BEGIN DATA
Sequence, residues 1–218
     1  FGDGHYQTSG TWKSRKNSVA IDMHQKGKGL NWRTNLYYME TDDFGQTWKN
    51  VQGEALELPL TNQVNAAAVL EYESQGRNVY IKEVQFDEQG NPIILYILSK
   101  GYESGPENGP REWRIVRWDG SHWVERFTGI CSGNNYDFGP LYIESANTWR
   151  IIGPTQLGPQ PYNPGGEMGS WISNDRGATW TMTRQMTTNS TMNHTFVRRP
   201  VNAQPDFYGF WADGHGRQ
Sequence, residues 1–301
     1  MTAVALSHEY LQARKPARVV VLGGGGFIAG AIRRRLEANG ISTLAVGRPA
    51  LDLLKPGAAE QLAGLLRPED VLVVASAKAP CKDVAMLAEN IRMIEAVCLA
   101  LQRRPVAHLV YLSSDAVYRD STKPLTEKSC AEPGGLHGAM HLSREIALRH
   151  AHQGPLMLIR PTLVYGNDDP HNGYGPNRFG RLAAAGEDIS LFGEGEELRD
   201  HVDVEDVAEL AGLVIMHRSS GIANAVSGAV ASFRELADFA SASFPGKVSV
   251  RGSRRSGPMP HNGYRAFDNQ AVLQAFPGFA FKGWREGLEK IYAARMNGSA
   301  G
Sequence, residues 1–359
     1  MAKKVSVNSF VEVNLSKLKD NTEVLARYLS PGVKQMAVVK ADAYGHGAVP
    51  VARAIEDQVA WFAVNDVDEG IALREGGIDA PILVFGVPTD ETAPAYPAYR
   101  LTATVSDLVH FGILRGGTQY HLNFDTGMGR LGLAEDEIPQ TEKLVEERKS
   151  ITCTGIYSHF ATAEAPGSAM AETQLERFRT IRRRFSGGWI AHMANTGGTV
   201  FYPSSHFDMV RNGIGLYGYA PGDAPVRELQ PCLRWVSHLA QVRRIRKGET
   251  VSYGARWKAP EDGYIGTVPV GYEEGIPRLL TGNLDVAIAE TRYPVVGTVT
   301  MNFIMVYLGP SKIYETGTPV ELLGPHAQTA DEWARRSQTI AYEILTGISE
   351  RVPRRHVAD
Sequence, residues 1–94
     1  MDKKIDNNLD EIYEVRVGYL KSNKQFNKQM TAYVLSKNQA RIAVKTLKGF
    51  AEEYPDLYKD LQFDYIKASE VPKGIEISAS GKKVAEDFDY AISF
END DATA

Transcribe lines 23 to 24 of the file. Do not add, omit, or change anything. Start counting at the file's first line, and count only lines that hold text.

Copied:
   351  RVPRRHVAD
Sequence, residues 1–94